On a brighter note, Mackness’s family came on opening night to show their support. “My oldest granddaughter was a babe in arms and had her diaper changed on the pool table,” he recalls with a laugh. Although Mackness pulled out of the business end of The Toolbox five years ago, he’s remained a loyal customer and will miss the place.

    But it’s not just The Toolbox that will be missed. For patron John Gartshore, Mother’s Guest House has been a second home. “The Society Of Spankers [which meet every two months at Mother’s Guest House; the next party is Tue, Jul 27; call (416) 925-9872 ext 2102] will have to find a new home. I’ve stayed here when my place was being fumigated. I’ve stayed here between moves.”

    The Toolbox has been a home to leatherfolks in the last few decades of the century, joined by more recently by the bear crowd in the last few years. Until recently The Toolbox was off the police radar and a place where one could get a little action and a beer. There are many rumours about the wild sexual environment but patrons are as secretive on the subject as the bar’s maze on the back patio.

    When the walls of 508 Eastern Ave come crashing down, to be replaced by the ubiquitous townhouses that are fast filling every vacant space in the city’s core, an awful lot of history will go with them. If only these walls could talk.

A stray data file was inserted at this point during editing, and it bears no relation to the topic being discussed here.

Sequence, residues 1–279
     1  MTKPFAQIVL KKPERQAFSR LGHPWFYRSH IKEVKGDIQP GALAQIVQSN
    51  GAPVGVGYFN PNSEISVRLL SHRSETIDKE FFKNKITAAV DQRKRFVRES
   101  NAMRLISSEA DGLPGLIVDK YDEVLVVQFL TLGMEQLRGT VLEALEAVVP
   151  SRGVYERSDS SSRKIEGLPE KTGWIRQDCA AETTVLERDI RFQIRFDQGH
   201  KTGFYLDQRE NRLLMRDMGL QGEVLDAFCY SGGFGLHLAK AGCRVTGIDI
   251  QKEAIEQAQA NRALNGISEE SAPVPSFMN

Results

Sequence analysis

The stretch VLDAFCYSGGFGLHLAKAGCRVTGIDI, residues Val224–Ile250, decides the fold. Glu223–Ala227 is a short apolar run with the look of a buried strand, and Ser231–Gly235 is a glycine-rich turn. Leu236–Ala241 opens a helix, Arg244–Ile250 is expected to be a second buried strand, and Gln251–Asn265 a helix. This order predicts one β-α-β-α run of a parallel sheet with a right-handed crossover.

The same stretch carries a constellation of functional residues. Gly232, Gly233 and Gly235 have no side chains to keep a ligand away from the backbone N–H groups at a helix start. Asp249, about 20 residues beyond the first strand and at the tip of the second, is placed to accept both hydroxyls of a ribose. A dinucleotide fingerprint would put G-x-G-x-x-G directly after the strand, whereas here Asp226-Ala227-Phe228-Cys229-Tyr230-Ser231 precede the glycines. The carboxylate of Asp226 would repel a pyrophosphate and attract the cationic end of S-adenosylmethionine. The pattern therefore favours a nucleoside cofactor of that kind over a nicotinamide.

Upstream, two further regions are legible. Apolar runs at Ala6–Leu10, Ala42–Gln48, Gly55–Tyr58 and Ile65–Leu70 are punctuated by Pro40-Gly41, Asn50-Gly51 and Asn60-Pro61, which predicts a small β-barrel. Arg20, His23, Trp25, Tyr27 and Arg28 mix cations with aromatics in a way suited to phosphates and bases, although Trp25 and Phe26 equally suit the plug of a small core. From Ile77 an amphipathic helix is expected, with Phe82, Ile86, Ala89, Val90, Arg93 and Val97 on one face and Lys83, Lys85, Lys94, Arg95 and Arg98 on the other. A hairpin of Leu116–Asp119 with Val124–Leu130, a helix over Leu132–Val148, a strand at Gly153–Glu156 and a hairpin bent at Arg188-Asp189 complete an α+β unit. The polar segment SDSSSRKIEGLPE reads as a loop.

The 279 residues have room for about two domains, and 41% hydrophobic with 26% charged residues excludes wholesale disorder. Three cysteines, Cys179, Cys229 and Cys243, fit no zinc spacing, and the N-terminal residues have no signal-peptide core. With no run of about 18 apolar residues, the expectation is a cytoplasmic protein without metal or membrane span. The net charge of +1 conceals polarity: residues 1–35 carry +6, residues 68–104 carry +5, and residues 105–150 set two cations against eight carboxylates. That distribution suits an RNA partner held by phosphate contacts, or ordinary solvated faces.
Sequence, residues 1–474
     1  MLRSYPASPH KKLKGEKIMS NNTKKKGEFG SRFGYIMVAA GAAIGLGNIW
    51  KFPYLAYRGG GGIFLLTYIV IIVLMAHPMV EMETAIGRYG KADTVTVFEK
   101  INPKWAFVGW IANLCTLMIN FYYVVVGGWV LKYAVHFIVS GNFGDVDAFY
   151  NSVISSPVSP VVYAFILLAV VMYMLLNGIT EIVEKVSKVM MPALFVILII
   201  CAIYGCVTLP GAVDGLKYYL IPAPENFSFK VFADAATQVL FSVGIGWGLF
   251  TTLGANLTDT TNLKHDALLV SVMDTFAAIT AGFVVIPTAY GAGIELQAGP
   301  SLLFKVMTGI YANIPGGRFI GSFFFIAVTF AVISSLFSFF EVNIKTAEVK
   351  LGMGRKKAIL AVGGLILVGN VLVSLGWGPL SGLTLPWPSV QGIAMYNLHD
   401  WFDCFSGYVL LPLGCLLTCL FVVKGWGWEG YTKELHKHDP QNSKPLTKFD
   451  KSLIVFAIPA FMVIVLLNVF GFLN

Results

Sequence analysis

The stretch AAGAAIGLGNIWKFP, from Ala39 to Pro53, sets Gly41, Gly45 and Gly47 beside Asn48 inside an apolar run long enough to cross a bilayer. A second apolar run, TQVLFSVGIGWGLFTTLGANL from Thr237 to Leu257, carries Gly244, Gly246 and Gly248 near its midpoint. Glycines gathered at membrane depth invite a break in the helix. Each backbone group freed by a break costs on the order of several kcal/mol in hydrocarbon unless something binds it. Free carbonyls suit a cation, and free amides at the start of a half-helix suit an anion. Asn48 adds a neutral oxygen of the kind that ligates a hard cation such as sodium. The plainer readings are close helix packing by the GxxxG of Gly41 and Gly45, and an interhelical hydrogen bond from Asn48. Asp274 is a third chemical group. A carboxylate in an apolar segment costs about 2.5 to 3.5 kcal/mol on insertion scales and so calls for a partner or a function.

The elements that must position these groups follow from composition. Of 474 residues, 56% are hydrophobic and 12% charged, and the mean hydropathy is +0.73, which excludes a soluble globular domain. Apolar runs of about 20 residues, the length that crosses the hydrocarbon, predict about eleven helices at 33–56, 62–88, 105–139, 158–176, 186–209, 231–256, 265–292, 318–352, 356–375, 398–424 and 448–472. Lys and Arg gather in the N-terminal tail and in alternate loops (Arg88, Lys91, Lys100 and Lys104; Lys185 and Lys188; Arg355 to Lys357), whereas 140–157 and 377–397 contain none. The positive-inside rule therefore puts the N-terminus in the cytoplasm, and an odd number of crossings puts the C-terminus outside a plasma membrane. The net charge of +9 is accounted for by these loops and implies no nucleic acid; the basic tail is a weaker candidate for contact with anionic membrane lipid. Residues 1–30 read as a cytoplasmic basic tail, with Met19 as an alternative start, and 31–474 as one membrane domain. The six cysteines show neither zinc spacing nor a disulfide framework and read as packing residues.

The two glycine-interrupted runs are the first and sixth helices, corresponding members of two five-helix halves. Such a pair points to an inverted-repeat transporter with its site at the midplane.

* The Toolbox (508 Eastern Ave) will be officially open until Sun, Aug 28.

     Future Plans
    The applicant requests Council’s permission for a modification to the new Official Plan and amendments to the Official Plan and to the zoning by-law for the former City of Toronto, in
    order to retain the existing heritage structure and convert it into four residential units with a third floor addition on top; add four new three-storey units to the north end of the heritage building,
    and add two new three-storey units along Eastern Avenue

    Add your own story
     Photo Galleries
    Click to view gallery
    Prairieoyster at the Toolbox
    Sat, Nov 12th, 2005
    posted by prairieoyster
    12 pictures
    Click to view gallery
    June visit
    Wed, Jun 14th, 2006
    posted by Air
    3 pictures

    Add your own photos

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    This location's validation is current. It was last validated by Emperor Wang on 12/21/2016 3:15 AM.

     Latest Changes
  • on Dec 21 16 at 3:15, Emperor Wang validated this location
  • on Dec 21 16 at 3:15, Emperor Wang changed the following: Display Name
  • on Jul 25 08 at 5:58, Steed validated this location
  • on May 11 08 at 18:16, prairieoyster added some pictures to a gallery
  • on Nov 13 07 at 15:05, Emperor Wang validated this location
  • on Nov 13 07 at 0:22, Air updated gallery picture Simcoe Hall/Toolbox
  • on Nov 13 07 at 0:22, Air updated gallery picture Simcoe Hall/Toolbox
  • on Nov 13 07 at 0:22, Air updated gallery picture Simcoe Hall/Toolbox
  • on Nov 13 07 at 0:22, Air deleted picture 191288 from gallery June visit
  • on Oct 13 07 at 4:40, Emperor Wang validated this location